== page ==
Cyclone Midhili over the North-West and adjoining North-East Bay of Bengal started crossing the Bangladesh coast on Friday evening close to Khepupara with wind speeds of 65-75 km/hr gusting to 85 km/hr, an India Meteorological Department (IMD) update said at 4.45 pm. The landfall process was expected to be completed during a three-hour period into the night.
Midhili ended up as the weakest of the three cyclones generated over the North Indian Ocean (the Arabian Sea and the Bay of Bengal combined) during the ongoing North-East season after extremely cyclone Tej in the Arabian Sea and very severe cyclone Hamoon in the Bay earlier in October. The latest cyclone didn’t appear to have quietened down the Bay appreciably with the IMD sounding out out an easterly wave alert and associated wet spell for Kerala and Tamil Nadu early next week.
More rain for Kerala, TN
The IMD said an easterly wave is likely to cause isolated heavy rain spell over Tamil Nadu and Kerala on Monday and Tuesday. A short to medium term outlook said the buzz in the Bay will stay elevated into the third and fourth weeks of November with at least one more rain-generating circulation or low-pressure area popping up during the period. businessline had provided some indications in an October 27 report, https://www.thehindubusinessline.com/economy/agri-business/n-e-monsoon-gaining-strength-may-stay-active-into-november-first-week/article67465914.ece.
Outlook for December
A few global models continue to predict normal to above normal rain not just during December but also during the first four months of the New Year (January, February, March and April) except over parts of North-East India. The US Climate Forecast System is convinced of the favourable implications for entire India during December while an early outlook from Busan, South Korea-based APEC Climate Centre sees a similar weather pattern extending into the first few months of the New Year as well.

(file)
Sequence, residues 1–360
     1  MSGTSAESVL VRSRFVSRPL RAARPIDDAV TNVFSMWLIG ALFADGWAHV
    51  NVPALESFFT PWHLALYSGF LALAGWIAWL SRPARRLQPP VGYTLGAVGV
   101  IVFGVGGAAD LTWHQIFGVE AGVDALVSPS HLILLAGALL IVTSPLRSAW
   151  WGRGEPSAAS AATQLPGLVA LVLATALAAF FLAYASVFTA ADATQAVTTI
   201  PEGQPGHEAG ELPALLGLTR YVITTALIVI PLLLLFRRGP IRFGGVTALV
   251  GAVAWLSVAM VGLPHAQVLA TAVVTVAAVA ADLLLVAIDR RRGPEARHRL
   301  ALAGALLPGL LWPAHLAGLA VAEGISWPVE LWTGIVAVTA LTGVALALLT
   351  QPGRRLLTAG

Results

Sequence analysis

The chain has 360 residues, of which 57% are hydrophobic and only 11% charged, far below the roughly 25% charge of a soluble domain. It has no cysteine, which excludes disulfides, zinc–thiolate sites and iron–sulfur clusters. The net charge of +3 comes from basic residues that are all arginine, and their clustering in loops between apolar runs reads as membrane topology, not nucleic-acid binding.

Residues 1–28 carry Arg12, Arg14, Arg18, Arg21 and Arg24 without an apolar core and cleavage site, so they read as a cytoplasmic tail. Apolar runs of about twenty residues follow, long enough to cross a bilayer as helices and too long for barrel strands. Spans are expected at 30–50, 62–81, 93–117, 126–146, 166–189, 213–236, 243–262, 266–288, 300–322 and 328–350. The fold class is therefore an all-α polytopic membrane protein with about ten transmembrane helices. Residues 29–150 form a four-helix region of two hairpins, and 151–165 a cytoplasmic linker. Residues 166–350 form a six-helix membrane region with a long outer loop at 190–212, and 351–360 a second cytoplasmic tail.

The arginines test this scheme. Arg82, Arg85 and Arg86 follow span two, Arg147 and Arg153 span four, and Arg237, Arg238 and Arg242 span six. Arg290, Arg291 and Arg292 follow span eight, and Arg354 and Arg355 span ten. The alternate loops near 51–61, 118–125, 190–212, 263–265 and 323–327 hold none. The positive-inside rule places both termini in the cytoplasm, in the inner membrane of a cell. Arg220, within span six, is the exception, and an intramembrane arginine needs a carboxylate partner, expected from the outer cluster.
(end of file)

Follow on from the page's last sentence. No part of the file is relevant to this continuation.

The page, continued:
Detailed outlook from the South Korean model suggests normal to above-normal rainfall for the South Peninsula during December, the last of the three North-Eastern monsoon months. Its deterministic MME model says above-normal rainfall is likely for Tamil Nadu, Kerala, Coastal Karnataka and Goa. The probabilistic MME model is however not as convinced and limits the above-normal rain to over southern parts of Kerala and Tamil Nadu, and just about normal rain for the rest of the region.
Varying El Nino predictions
As for January 2024, the first of the two South Korean models suggest normal to slightly above-normal rain for the entire South Peninsula, while the second signals largely climatological (historical) pattern to prevail during the first month of the New Year. February is likely to see weather ranging from dry (rain deficit) to normal showers over South Kerala and adjoining Tamil Nadu. The dry patch extends to more parts during spring in March, while the odd forecast suggests normal rain pattern prevailing.
Outlook for the core summer months of April and May does not drastically change from that indicated for March, although the forecast accuracy for spring and pre-monsoon months (2024) would be suspect due to influence from large global climatic events such as the El Nino/La Nina pattern in the Equatorial Pacific, a last word on which is awaited. Some models see a ‘neutral’ Pacific emerging during the period while others have called out for current El Nino conditions to persist into the next summer.